Separating stones from soil is often necessary in gardens and landscapes. Good topsoil is the Holy Grail among gardeners, but isolating the fine rich stuff from rocks and larger debris can be backbreaking work. Stones or gravel may need to be recovered from dirt for use in various projects around the landscape. Most gardeners will need a soil or stone screener at one time or another. Do-it-yourself methods vary from hand-held screening trays to engine-propelled barrel models.
Consider both the application and the strength of the person when choosing materials for soil and stone screeners. Most homemade screen frames use 2-inch-by-4-inch boards, but 2-inch-by-2-inch boards are suitable for lighter loads. PVC pipe can also be used for light screening. The frame size should be large enough to hold a good shovelful of dirt or more, but small enough to be picked up and shaken over a wheelbarrow or container.
The size of screen holes will vary depending on material you wish to separate. Use a screen with small openings for separating light, sandy topsoil. Some gardeners sift compost through as many as three successive screen sizes, separating it for further composting or immediate use. Others prefer only one screen size that fits most of their uses. Use screens with larger holes to remove soil from rocks. Chicken wire, kennel wire, and hardware cloth are all suitable for screens. Secure wire and screening to frames with bolts, washers and wing nuts for easy removal.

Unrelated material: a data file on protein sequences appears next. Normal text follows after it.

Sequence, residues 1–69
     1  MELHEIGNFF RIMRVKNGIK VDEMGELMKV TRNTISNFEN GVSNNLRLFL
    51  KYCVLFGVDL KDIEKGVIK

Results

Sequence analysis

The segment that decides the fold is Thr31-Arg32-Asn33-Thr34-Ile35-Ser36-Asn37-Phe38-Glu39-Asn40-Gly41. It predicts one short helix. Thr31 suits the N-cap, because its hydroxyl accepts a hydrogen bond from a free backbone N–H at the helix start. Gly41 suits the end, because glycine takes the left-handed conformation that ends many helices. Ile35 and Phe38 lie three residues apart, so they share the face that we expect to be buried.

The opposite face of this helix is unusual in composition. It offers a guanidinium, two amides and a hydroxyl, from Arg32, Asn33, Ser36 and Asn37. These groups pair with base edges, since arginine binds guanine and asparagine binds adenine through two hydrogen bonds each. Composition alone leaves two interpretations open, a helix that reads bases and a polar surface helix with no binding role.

Save your back by building a table model sifter. In table models, the frame is on wheels and sits on a base, allowing you to shake the frame without picking it up. Attach small wheels to the sides of the screen frame. Build a base of 2-inch-by-4-inch boards with side rails wide enough to accommodate your wheeled frame. Size the base so that it will fit over your wheelbarrow or container. Attach the wire of your choice to the screener frame.
Trommels or drums are wire-walled barrels that turn and sift stones from soil. Huge trommels are used in commercial enterprises, but do-it-yourselfers can make home models. A trommel should be suspended on a sturdy base for easy turning and sifting. Hand-turning the barrel is okay for small jobs, but it will quickly become tedious for larger projects. Automate the trommel with a gas engine or electric motor. Bolt the motor securely to the base and install a turning belt from the motor around the barrel. An Internet search will provide plenty of information for building your own soil and stone sifters.
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